In the meantime, assumptions about older people create an environment in which senior citizens become devalued. More significantly, it means that we may be unable to overcome the impression that the older we look the less we should be heard.
You are maybe exaggerating a bit, but there is a lot of ageism around and not many noticing it. We older people should have a lot of political power if we choose to use it. There are a lot of us, and we vote. Another point you make relates to the modern distrust of experts and the need to simplify everything, and we know the more you simplify something, the more inaccurate it is.
You make a good point about the distrust of experts. That is a huge hurdle for people to overcome if they want to inform the public.
I was appalled when I first heard a news person describe Robert Mueller as older and most probably hard of hearing. Actually I thought that I had misunderstood the newscaster.
I agree with your descriptions of the scene and I am proud of Mueller for managing in such an outstanding manner. We may be gray but we are not dumbed down as so much is nowadays.
I saw a news person get really upset and she blamed Mueller’s advisors for not anticipating how his age-related shortcomings would come across. I was furious. It was all about the image, not the research.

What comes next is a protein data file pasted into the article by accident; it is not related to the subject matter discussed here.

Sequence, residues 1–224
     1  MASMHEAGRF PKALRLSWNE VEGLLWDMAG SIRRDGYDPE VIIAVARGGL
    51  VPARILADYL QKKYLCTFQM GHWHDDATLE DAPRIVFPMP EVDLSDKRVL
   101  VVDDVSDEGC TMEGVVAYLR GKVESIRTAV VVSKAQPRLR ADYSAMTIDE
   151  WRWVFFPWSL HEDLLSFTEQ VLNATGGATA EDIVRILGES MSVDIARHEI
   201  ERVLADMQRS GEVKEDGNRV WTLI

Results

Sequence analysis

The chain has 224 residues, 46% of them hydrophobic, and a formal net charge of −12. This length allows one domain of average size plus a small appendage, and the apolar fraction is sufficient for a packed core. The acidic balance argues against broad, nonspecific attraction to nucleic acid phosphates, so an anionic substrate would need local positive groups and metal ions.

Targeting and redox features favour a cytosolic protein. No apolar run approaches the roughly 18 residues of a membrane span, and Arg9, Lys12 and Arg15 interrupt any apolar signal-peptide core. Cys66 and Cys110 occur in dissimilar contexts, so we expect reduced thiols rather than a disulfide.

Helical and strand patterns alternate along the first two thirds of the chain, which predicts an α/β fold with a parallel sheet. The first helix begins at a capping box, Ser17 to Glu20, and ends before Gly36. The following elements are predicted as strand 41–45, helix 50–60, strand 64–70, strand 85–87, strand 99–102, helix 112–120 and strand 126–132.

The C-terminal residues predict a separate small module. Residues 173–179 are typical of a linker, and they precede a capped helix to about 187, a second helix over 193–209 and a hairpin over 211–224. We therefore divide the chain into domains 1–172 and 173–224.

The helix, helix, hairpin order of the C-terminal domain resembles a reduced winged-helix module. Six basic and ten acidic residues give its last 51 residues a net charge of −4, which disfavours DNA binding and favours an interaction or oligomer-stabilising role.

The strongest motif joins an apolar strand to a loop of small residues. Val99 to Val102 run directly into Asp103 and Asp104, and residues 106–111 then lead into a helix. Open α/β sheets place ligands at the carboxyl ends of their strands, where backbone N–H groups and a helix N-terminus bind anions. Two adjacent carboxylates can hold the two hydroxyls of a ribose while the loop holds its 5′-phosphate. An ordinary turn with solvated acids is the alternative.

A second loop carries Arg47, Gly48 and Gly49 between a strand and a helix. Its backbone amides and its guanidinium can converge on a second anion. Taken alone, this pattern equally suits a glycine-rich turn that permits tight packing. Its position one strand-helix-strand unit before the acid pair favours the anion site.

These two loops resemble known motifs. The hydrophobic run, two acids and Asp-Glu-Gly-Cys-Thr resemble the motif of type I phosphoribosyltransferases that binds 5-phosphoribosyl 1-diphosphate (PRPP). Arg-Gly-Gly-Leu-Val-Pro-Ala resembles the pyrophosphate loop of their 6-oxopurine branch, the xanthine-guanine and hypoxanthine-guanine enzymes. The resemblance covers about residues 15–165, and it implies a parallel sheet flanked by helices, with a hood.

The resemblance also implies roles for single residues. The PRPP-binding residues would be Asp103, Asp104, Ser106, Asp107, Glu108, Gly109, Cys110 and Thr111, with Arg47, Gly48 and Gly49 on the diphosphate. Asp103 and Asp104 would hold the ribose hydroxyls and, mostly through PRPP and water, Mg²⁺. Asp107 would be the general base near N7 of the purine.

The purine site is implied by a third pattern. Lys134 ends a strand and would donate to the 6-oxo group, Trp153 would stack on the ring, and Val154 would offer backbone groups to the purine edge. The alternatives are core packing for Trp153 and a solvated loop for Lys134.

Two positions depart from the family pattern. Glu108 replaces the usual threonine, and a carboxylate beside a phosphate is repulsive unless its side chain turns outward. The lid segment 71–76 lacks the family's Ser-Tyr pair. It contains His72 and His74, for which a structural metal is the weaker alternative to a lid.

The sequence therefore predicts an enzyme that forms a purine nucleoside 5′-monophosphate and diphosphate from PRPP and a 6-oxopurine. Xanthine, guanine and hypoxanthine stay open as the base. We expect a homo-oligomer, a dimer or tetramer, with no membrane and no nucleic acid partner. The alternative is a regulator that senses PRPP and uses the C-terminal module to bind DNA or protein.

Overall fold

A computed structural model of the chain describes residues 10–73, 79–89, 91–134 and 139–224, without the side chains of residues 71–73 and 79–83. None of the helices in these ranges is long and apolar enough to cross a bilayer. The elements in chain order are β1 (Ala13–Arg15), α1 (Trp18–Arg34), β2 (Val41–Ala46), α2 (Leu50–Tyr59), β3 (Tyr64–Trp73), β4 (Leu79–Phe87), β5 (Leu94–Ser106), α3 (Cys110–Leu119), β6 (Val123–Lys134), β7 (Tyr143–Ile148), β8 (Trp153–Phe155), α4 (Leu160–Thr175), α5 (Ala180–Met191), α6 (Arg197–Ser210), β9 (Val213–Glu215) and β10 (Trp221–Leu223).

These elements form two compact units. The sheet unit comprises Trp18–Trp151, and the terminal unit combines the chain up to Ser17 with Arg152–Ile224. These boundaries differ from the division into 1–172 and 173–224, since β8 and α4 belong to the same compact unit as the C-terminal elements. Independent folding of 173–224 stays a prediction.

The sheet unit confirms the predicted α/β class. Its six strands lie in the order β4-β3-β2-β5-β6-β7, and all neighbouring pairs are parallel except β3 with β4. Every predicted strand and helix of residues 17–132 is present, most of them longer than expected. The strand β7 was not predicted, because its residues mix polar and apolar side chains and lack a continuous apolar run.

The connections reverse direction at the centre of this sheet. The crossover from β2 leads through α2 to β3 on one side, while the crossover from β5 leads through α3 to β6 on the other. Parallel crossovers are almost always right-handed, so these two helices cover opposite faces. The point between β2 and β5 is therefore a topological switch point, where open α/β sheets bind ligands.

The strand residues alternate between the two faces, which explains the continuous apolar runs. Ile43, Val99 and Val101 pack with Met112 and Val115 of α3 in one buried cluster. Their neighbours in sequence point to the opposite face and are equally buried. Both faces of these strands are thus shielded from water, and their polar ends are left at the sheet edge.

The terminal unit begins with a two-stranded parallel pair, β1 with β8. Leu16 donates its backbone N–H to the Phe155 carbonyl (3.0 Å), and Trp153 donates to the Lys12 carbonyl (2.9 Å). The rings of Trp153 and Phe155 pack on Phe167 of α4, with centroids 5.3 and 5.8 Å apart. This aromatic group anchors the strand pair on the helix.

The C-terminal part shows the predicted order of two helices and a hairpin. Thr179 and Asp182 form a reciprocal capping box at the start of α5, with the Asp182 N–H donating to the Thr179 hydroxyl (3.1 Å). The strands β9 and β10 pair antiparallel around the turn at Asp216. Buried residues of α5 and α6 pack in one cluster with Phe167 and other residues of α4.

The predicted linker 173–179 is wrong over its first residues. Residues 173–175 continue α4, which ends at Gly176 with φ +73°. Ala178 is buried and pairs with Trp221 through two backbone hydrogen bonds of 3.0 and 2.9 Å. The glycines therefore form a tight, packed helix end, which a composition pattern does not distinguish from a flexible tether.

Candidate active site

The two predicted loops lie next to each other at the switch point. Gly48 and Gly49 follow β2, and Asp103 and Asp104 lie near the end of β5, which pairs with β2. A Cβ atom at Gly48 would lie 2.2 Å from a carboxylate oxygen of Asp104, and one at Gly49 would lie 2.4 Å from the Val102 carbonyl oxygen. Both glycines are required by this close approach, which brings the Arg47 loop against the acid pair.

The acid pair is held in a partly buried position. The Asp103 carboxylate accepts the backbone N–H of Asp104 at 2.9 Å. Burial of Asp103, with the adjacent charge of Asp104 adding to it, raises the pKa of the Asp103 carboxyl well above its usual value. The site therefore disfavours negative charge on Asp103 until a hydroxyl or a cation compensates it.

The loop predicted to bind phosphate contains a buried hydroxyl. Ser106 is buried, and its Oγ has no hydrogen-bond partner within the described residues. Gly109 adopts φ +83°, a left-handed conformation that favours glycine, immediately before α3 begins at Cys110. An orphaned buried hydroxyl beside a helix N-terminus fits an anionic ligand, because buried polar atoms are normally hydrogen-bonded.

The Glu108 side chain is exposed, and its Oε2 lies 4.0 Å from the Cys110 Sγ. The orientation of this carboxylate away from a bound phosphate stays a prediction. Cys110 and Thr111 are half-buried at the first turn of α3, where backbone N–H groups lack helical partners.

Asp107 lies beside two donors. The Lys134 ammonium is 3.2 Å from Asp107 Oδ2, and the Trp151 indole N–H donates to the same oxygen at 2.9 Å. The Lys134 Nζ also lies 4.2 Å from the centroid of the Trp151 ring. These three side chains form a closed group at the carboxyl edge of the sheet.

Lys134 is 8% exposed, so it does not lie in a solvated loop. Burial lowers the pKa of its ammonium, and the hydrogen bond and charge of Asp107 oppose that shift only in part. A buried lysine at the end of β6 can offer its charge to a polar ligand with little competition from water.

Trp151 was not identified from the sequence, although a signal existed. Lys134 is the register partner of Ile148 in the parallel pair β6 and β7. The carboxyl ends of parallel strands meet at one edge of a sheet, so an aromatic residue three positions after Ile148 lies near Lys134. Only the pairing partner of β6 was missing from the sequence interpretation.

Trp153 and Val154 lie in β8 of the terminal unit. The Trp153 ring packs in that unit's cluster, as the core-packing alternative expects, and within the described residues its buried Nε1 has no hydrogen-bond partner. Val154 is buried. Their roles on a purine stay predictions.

It seems to me that age was venerated not so long ago and elders were respected for their accumulated knowledge. However Respect seems to have been lost along the way.
Following all the detritus Mueller had to follow, his report is amazing.
Some ethnic peoples still venerate their elders but ours, sadly, isn’t one of them. Some token respect still lingers, such as giving up seats on public transit to elders, but when it comes to listening the respect is not there.
Don’t know anything about the politics but this always makes me smile
Forty years from now those same yourng people who think condescending mockery is just a hoot will be subject to it themselves.
I already am!
But the Big Bang is still hilarious.
The younger people will eventually learn to emulate Mr. Mueller, and hesitate before responding.
Ha ha. Let’s hope so.
It had to do with what he is legally allowed to say.
Yes, and he was even more restricted in that just a few days before the hearing.
It’s an odd sensation to become invisible and lose credibility due to aging. I don’t have a solution, but to just keep showing up, being capable and articulate, like you’re doing.
It really is an odd sensation. The hardest part of retiring from work is losing the respect I used to have from doing it. Now, I occasionally see surprise in people’s eyes when they realize I once had a useful career.
That makes a lot of sense; the loss of respect we have had from our professions. So little external appreciation as we age. It seems pretty important to be secure in ourselves of our inherent worth since society at large is rarely going to validate that as we age.
That really is important, isn’t it. I am fortunate in having family and friends who make that possible for me.
Yes, having our own appreciative, mutually supportive village is wonderful.